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Finance: A Family Affair

In this lesson:


Financial Quiz

Activity: Take this College Finance Quiz to test your knowledge.

  1. For the 2016-2017 academic year, what was the average cost of tuition at a private, four-year college?
    1. $19,800
    2. $24,250
    3. $27,300
    4. $33,480
    5. $40,200
    (correct answer, d. $33,480)
  2. For a student attending a public four-year college in her own state, what was the average tuition in academic year 2016-2017?
    1. $9,650
    2. $13,430
    3. $15,570
    4. $19,800
    5. $24,250
    (correct answer, a. $9,650)
  3. A student attending a public two-year college in his own state paid how much in tuition during the 2016-2017 academic year?
    1. $1,500
    2. $3,520
    3. $5,650
    4. $7,780
    5. $9,650
    (correct answer, b. $3,520)
  4. In recent years, what percent of college students graduated with student loan debt?
    1. 37%
    2. 50%
    3. 63%
    4. 70%
    5. 78%
    (correct answer, d. 70%)
  5. Approximately how much debt did 2016 college graduates owe upon graduation?
    1. $25,000
    2. $33,000
    3. $37,000
    4. $41,000
    5. $48,000
    (correct answer, c. $37,000)
  6. What is the maximum standard repayment period for a federal student loans?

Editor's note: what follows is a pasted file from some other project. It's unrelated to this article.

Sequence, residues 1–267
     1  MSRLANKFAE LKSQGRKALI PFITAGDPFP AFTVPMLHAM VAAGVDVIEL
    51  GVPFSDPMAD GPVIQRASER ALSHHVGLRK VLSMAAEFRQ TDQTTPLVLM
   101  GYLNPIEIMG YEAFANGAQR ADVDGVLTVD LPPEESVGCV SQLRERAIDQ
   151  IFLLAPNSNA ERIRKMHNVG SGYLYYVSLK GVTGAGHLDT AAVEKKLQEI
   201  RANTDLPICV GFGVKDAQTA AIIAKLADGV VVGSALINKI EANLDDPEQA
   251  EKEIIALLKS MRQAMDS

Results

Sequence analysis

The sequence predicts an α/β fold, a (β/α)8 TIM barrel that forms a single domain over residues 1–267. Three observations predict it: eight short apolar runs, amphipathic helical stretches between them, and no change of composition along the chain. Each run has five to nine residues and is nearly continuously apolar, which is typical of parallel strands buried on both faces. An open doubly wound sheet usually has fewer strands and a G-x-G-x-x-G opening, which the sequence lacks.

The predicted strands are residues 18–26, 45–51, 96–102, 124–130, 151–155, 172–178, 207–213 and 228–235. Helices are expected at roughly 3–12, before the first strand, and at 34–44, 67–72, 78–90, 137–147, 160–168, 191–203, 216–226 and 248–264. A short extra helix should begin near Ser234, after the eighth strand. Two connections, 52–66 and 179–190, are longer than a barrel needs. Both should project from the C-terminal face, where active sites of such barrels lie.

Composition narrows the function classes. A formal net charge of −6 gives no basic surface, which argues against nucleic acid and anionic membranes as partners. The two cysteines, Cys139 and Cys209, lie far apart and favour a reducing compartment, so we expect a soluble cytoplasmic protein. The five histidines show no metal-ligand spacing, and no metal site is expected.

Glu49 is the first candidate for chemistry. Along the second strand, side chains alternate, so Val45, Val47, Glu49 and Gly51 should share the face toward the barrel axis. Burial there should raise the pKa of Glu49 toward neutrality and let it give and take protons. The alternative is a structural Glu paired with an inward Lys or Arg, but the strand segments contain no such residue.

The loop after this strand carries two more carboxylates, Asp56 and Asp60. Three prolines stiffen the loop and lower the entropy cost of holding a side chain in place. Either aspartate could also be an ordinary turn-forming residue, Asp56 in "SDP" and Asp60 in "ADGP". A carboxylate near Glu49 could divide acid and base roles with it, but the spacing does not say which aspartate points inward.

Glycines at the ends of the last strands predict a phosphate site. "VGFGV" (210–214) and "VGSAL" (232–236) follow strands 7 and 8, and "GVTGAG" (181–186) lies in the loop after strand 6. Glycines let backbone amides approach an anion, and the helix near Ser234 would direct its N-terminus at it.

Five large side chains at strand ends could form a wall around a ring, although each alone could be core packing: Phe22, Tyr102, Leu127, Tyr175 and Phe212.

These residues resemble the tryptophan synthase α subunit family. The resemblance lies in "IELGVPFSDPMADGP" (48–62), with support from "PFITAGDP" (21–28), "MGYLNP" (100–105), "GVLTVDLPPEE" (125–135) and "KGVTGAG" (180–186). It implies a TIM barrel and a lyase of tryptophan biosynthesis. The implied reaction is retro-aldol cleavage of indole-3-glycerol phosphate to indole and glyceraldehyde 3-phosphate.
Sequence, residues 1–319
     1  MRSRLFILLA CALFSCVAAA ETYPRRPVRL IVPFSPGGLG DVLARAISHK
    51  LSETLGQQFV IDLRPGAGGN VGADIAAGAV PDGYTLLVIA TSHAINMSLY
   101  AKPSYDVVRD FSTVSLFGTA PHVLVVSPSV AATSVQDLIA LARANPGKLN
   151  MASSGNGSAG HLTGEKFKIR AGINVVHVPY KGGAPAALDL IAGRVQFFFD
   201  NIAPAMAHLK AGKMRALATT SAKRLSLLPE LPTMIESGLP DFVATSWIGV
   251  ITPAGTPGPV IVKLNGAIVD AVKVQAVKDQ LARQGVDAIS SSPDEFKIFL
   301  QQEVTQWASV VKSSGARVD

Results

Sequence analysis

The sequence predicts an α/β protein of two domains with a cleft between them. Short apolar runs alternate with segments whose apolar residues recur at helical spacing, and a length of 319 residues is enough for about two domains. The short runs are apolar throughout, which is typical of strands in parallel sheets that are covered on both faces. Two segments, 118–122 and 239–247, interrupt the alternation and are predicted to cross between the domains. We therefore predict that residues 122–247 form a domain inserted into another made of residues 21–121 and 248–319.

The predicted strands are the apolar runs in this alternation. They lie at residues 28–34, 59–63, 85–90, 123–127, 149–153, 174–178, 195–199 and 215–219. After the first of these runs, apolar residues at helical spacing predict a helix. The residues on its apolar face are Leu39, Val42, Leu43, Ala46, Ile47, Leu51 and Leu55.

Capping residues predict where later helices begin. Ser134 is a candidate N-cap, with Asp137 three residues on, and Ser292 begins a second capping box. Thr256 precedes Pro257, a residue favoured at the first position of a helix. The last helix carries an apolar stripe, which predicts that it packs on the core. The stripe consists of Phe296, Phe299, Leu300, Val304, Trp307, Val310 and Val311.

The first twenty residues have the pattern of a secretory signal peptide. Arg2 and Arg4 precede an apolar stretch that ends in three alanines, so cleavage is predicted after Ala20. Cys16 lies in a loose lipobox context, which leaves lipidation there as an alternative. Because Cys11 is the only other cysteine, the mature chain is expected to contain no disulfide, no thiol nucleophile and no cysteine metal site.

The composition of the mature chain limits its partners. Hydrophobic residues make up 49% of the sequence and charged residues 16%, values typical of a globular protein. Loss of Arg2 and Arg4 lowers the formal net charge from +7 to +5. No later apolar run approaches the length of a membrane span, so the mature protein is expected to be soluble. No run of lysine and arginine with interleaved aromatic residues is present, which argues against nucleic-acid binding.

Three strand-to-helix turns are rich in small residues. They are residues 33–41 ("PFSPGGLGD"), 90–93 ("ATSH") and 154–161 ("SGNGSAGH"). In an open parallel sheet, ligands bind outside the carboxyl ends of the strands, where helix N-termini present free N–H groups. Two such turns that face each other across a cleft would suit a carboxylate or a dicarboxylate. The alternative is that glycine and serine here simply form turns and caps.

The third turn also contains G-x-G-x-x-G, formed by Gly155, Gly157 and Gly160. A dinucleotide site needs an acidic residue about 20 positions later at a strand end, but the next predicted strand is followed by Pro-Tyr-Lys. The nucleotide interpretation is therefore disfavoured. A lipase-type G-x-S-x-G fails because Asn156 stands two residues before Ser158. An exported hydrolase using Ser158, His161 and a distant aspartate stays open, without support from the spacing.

1. 3 years
    2. 5 years
    3. 10 years
    4. 15 years
    5. 20 years
    (correct answer, c. 10 years)
  7. What is the most desirable form of financial aid?
    1. Federal loans
    2. Parent loans
    3. Bank loans
    4. Grants
    5. Education tax credits
    (correct answer, d. grants, because you don’t have to pay them back)
  8. A Pell grant is financial aid provided by the government, and it does not need to be repaid. Eligible students may receive up to $5,815 (academic year 2016-2017) under this program. What is the main factor for qualifying for a Pell grant?
    1. SAT score
    2. High school GPA
    3. College grades
    4. Financial need
    5. Student’s extra-curricular activities
    (correct answer, d. financial need)
  9. While about two-thirds of U.S. students receive financial aid, more than one- third of undergraduates receive Pell grants they don’t need to repay. What is the first step in applying for a Pell grant?
    1. Student must be accepted at a college or university
    2. Student must confirm which college she will attend
    3. Student must pay a deposit at his college
    4. Student must file a FAFSA form
    5. Student must attend orientation
    (correct answer, d. student must file a FAFSA form. (See https://fafsa.ed.gov/))

Knowing that more than two-thirds of college students graduate with debt, parents are wise to be concerned about their student’s money management skills. The good news is that most college students manage their money responsibly. The majority pay their debts on time (77%); don’t spend more than they have (60%); and set aside money every month. Most also have paying jobs at least part of the time while they’re in school. (65%).

Nevertheless, during the college years students are moving into a new stage of independence, and they are developing their own personal management habits, either positive or negative. These skills include decision-making, time management, and financial management. Parents need to be aware of the financial patterns their student is developing, because the choices a student makes can affect the family budget.

Did you know